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I want to encrypt a file and be able to decrypt/encrypt it again only for me to use that file.

If I use a key pair to encrypt the file, then I need to move the key files around to new devices if I want to decrypt it there. But that is not very convinient, and if only I am going to use the file, it is nescessary to have a key pair then, or is it enough to just use gpg --symmetric file.example and make the file only ask for a password and not requiring key files as well?

Summary: Is it recommended to encrypt a file with gpg --symmetric so that decrypting the file only requires the correct password to be provided if only one person(me) is going to use it? Compared to creating a key pair and using the key pair to encrypt/decrypt, in which case I will have to have the key files with me if I want to decrypt on a different device.

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  • I do that all the time. Just use a long enough passphrase (80 bits should do it, which means about 7 diceware words if I recall, or if you're using random printable characters about 12-13 characters. More than that is fine, but 80 bits is plenty unless you're being specifically targeted by some nation-state :)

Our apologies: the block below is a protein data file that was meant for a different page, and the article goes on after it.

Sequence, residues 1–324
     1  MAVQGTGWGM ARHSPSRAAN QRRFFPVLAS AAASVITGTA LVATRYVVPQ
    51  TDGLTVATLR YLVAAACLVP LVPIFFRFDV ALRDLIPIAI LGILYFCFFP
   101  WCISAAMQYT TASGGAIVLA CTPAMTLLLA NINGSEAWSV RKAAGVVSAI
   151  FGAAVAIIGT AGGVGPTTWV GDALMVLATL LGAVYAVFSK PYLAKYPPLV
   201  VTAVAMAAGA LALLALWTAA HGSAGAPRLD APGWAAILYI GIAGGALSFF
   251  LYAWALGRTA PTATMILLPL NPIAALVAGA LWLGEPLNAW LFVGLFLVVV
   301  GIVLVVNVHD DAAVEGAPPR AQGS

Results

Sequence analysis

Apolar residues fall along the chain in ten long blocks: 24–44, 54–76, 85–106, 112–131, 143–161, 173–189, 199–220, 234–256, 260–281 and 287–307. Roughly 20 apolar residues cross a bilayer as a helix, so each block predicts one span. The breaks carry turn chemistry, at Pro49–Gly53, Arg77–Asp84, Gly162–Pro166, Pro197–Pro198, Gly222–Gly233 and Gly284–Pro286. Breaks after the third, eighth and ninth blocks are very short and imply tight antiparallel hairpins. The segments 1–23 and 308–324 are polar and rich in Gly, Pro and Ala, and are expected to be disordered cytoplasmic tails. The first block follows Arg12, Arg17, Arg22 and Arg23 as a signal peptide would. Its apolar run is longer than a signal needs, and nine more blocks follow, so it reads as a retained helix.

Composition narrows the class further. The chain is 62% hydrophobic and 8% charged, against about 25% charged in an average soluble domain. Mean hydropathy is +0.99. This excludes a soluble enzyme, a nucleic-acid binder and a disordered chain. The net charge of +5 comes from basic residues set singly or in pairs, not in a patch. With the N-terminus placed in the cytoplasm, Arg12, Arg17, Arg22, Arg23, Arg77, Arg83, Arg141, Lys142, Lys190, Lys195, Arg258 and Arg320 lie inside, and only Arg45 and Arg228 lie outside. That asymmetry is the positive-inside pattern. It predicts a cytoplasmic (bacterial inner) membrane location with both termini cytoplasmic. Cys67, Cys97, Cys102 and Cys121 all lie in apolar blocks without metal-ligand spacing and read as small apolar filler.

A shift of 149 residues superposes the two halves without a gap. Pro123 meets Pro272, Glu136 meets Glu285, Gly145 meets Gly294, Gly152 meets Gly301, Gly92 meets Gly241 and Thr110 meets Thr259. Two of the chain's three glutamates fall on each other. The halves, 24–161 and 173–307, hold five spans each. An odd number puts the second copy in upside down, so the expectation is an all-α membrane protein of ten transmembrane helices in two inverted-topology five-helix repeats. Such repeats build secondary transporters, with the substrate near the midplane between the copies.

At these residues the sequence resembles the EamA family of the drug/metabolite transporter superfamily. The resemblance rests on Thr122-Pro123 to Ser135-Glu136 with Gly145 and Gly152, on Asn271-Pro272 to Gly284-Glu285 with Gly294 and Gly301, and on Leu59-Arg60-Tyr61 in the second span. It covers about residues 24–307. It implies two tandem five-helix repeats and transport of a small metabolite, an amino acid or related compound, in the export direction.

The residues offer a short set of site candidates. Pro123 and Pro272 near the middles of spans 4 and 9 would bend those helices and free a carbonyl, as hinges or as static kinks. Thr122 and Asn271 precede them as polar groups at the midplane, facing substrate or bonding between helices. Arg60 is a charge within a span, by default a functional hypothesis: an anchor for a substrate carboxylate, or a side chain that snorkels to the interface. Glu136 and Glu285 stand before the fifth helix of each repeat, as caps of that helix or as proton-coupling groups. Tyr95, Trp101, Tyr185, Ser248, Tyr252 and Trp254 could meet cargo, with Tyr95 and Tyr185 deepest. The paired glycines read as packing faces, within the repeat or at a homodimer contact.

– user1003916
    Commented Aug 17, 2020 at 3:31

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Using a passphrase is fine. GPG contains outdated crypto and can be misused, I'd suggest age as a better option.

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  • Thanks for answer, what do you mean with being misused?
    – Grass
    Commented Aug 15, 2020 at 20:52
  • You can specify using insecure ciphers with it. Age doesn't let you do that by simply only including secure methods. Commented Aug 15, 2020 at 20:54
  • Okey, but the default cipher used in gnupg 2.1 is AES-128, so if I use the default, then it should be secure?
    – Grass
    Commented Aug 16, 2020 at 10:47
  • As long as you pick a secure enough passphrase (10 diceware words is enough), yes. And preferably sign the files after encrypting as well if you're going to upload any of them to cloud backup servers. Commented Aug 16, 2020 at 22:40

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